STILWELL – A Cherokee Nation citizen whose passion is to ensure Native American communities have access to medicine is embarking on a chapter of his life toward that goal.
“I would love to ultimately return home to work in Cherokee Nation hospitals to provide aid to my people, but I also recognize that there may be other Native American populations that are suffering worse than our own,” said medical student Dakota St. Pierre. “I would love to graduate medical school and residency and begin working with Indian Health Services to provide aid to communities that would benefit from it the most.”
While at Stilwell High School, St. Pierre, now 22, took concurrent classes at Northeastern State University, then attended the University of Oklahoma in Norman, where he created his major – fundamentals of medicine. He has been accepted to both the University of Oklahoma College of Medicine in Oklahoma City and OU Medical College of Community Medicine in Tulsa.
“I am very optimistic and enthusiastic to embark on the next step in my journey of becoming a doctor,” St. Pierre said. “I have spent the last four years being exposed to various areas of medicine and look forward to finally apply what I have been learning. Medicine is definitely a difficult journey, but each and every time I step into a hospital or clinical setting, I am reminded why I chose medicine and I look forward to being able to devote the majority of my time to learning the discipline.”
St. Pierre is recipient of an IHS scholarship “that is essentially a full ride through medical school,” he said, adding that he’s “open minded” about his post-medical school future.
“I am currently interested in dermatology, emergency medicine or anesthesiology, but medical school will allow me to fully immerse myself into various disciplines that will aid that final decision,” he said. “Whatever field I enter, I would love to ultimately serve Native American populations, especially the Cherokee Nation through Indian Health Services. I have grown up in the heart of the Cherokee Nation and have seen firsthand the struggles of my people when it comes to their health and how they suffer disproportionately to both acute and chronic diseases. I have also seen how Native communities can lack physicians that are willing to invest their careers in these areas for the long term.”
St. Pierre, whose interest in medicine was sparked in elementary school, has focused his time on studies and volunteerism.
“I am very fortunate to have a family that is extremely supportive towards my education,” he said. “My parents are the biggest influencers and support towards my path of medicine. I am forever grateful for the life and opportunities they have provided me.”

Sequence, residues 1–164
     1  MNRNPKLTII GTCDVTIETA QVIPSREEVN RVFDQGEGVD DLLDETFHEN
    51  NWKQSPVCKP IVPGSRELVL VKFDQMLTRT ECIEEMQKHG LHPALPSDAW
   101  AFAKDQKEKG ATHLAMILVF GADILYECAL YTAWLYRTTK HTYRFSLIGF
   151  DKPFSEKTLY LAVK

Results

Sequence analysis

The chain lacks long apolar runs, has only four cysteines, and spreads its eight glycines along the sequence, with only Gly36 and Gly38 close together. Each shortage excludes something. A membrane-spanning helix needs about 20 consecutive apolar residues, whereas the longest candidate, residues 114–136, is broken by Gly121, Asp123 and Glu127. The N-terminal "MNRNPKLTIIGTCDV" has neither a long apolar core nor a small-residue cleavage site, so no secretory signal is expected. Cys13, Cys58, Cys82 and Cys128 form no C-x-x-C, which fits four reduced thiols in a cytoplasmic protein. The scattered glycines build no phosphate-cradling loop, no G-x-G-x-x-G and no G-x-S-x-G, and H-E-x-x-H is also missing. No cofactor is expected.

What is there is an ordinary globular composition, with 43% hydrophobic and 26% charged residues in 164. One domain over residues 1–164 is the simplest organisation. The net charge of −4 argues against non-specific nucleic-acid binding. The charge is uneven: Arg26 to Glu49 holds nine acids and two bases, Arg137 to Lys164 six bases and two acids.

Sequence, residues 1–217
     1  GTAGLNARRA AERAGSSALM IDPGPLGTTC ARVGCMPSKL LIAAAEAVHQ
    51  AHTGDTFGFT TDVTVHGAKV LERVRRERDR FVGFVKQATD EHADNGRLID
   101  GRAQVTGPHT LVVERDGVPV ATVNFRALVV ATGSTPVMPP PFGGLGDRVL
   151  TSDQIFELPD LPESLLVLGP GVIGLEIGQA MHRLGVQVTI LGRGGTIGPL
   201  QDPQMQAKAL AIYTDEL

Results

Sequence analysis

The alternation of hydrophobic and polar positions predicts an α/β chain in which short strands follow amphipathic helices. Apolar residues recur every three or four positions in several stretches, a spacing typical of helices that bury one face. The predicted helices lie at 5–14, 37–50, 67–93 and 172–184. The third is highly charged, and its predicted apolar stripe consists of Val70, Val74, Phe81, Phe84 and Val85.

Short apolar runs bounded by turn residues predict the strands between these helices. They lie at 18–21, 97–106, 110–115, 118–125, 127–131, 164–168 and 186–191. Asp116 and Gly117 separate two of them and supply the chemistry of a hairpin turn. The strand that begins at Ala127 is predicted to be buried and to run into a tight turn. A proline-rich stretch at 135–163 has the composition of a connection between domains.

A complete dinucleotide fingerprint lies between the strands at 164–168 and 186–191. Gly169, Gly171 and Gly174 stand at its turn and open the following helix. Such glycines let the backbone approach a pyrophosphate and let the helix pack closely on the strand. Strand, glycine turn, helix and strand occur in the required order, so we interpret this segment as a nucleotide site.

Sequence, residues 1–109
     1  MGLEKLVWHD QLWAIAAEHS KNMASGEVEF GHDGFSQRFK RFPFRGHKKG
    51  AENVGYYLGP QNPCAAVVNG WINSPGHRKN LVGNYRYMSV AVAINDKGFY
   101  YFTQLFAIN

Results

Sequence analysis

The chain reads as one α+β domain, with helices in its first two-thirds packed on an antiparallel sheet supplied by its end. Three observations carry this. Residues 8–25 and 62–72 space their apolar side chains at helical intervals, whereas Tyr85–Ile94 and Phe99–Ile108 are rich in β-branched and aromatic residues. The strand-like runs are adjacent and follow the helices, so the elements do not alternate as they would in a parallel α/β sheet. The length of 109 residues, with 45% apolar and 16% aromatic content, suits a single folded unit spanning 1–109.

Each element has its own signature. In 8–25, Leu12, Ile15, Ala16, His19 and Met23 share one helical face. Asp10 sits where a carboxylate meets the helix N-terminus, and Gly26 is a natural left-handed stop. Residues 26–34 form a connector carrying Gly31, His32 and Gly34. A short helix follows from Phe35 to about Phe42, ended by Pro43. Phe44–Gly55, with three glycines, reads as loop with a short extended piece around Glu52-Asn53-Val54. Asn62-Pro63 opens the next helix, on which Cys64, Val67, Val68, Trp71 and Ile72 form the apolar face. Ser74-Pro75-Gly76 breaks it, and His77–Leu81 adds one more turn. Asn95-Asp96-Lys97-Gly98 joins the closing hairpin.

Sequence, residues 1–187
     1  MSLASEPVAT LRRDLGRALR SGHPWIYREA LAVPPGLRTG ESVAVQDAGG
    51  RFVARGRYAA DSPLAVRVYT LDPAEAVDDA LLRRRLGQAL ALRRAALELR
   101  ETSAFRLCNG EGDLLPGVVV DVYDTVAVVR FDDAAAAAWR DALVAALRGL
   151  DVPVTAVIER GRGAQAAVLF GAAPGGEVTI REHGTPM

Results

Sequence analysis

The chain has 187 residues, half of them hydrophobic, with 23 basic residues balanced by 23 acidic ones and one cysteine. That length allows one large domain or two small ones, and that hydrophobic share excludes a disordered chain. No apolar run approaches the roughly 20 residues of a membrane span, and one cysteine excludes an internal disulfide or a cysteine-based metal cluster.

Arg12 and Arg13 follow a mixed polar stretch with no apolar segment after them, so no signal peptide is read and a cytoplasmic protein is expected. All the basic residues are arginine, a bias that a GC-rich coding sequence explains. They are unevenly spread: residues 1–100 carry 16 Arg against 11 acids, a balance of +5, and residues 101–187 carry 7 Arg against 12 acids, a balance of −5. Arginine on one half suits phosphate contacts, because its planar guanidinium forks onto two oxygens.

His volunteer work includes helping Stilwell students during the early days of the COVID-19 pandemic.
“We would give out packaged and hot meals to students each day of the week while the schools were closed to ensure each child had something to eat,” he said. “This was the first time since I started college that I was able to provide aid to my hometown.”
Another memorable volunteer experience, he said, was during a Medlife Service Learning Trip in Peru.
“Each day we constructed mobile clinics consisting of primary care physicians, dentist and pharmacists that brought aid to communities outside of Lima that would have been without otherwise,” he said. “To see how grateful these people were and how they welcomed us into their homes was a very fulfilling experience.”
While his goal is to become a doctor, St. Pierre also wants to inspire others and recruit the next generation of Native American physicians.
“Too often I see kids think that just because they are from a small town, they cannot go off and achieve something like a medical degree,” he said. “But I would love to show them that it is definitely within their grasp as long as they take the necessary steps and are willing to put in the work.”
St. Pierre also owns and operates Baron Fork Outfitters, a clothing brand that emphasizes love for the outdoors, wildlife and Cherokee culture through designs, he said.
“I would definitely say that my Cherokee culture is something that I hold with the upmost importance in my life,” he added. “I think that the Cherokee language and culture is very important to preserve. I have always said that it is not necessarily my blood quantum that makes me Cherokee, but rather my desire to help the people of my tribe that does.”